| Society

Congressman John Lewis: You Can Sit, But What Do You Stand For?

A recent Washington sit-in by the Civil Rights veteran offers little but an entrenchment of the establishment

papa che by Dan Booth

[dropcap style=”font-size:100px; color:#992211;”]I[/dropcap] remember first gazing upon the face of John Lewis in my father’s photography darkroom.

My father, after a fall from a freight train unloading a cache of pig iron at the scrap metal yard in Birmingham, Alabama where he was employed, destroyed his back. The accident rendered him unfit for manual labour. As a consequence, he had taken up photography. Although self-taught, he advanced to the position of Life Magazine‘s Deep South stringer during the roil and fury of the Civil Rights Movement.

His Nikon caught Bull Connor’s dog attacks and fire hose assaults in Birmingham, George Wallace obstructing the school house door as the first African American students desegregated the University of Alabama, and John Lewis as he was being pummeled by police goon squads on the Edmund Pettus Bridge in Selma.

Yet the sit-in Congressman John Lewis engaged in over the past weeks evinces history repeated as farcical sound bite. It is emphatically nothing but a weak and faded facsimile of those 1960s protests. To wit: safe, sanitized, sham civil disobedience, in pursuit of this goal: ethically, religiously, and politically profiling dark skin people, individuals of non-culturally dominant religions, and anti-government/anti-capitalist activists.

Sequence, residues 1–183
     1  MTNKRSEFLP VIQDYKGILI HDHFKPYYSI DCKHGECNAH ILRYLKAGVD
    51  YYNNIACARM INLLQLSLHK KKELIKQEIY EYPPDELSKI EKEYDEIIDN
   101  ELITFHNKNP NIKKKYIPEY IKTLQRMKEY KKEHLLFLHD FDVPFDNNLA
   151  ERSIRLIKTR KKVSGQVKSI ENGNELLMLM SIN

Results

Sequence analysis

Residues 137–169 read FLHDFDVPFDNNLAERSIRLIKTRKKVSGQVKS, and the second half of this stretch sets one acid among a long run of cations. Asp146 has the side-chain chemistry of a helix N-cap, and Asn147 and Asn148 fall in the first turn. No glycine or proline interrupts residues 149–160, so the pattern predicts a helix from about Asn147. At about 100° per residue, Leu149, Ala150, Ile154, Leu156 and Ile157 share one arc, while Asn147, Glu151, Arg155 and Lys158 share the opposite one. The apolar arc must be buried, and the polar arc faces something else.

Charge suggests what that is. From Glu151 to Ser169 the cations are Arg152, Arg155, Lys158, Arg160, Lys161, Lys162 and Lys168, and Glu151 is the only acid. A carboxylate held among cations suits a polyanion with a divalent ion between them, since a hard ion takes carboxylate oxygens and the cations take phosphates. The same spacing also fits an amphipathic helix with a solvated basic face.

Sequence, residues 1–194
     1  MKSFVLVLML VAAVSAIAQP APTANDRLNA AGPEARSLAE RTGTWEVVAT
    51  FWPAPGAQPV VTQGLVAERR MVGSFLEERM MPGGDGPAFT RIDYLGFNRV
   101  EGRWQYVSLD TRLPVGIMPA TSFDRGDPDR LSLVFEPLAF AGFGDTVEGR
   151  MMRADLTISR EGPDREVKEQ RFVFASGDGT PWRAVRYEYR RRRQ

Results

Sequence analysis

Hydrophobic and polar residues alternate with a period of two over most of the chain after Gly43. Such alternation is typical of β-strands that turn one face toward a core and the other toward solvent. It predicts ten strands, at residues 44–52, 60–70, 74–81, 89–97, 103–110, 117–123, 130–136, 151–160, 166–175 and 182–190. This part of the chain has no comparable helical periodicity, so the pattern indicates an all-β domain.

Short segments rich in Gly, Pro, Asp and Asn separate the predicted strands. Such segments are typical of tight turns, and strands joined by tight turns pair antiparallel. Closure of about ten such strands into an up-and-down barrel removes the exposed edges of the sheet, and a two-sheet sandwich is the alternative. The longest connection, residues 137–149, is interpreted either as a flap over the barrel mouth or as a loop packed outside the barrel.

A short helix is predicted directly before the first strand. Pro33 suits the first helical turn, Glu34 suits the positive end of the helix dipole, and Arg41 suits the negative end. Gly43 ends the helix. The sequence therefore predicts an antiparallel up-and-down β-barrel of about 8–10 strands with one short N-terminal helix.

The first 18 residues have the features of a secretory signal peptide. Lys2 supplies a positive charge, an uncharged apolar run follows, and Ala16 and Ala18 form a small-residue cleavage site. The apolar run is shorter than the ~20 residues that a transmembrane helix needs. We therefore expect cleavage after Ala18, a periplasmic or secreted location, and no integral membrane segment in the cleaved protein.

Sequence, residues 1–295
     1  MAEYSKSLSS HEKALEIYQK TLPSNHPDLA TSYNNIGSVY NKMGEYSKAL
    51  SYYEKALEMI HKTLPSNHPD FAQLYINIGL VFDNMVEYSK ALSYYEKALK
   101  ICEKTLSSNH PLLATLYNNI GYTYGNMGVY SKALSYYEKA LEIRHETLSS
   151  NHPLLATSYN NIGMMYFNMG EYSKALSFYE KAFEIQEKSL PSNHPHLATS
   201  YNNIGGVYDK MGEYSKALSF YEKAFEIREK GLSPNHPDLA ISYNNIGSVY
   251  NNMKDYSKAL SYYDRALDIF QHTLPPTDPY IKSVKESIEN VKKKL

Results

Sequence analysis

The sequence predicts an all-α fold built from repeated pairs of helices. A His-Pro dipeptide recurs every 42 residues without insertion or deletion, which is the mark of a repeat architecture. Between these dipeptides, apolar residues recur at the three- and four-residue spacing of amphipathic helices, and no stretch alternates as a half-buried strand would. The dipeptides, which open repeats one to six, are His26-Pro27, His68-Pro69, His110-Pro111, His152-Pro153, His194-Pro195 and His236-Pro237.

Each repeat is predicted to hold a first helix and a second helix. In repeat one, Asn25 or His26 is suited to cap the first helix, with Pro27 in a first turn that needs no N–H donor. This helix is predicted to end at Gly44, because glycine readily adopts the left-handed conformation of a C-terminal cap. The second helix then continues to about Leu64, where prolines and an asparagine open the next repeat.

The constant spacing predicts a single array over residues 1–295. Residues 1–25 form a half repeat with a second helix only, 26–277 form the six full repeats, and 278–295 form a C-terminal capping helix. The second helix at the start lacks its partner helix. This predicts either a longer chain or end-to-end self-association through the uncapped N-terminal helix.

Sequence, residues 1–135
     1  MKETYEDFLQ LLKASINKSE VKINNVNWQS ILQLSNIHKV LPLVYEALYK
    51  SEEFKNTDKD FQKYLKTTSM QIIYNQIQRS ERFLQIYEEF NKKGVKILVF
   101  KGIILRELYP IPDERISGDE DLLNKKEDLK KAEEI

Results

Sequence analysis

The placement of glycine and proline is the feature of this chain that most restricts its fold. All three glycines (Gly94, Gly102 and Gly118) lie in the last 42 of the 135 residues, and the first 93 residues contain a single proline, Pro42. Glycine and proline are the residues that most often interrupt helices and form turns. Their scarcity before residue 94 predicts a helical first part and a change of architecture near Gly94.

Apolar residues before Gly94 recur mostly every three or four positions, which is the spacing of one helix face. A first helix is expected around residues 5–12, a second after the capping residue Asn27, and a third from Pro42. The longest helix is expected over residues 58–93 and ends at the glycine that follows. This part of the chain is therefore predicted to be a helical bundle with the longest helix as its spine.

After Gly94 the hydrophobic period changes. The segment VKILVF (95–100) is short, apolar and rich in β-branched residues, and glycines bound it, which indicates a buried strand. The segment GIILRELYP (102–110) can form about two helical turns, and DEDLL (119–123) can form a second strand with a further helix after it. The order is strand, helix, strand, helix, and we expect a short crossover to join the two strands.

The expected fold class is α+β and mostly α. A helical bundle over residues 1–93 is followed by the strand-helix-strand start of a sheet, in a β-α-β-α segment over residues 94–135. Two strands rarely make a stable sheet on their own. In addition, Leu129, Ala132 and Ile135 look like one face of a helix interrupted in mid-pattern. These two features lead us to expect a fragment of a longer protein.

In short, the bill the Democrats support is as unsound in civil liberties principles as the government’s no-fly list.

Moreover, when Lewis and the rest of the clutch of Democrat hypocrites stage a sit-in in protest of drone murder and other forms of the wanton, arbitrary, and non-judicial slaughter of brown people on a daily basis by the lawless government they front, then I will afford them the respect I felt for John Lewis when I was a child in the 1960s – awed, horrified, and moved as I was by the photographs I witnessed being developed in my father’s studio darkroom

Image: Dan Booth. Not to be reproduced without express prior permission.


Comments are closed.

Our weekly newsletter

Sign up to get updates on articles, interviews and events.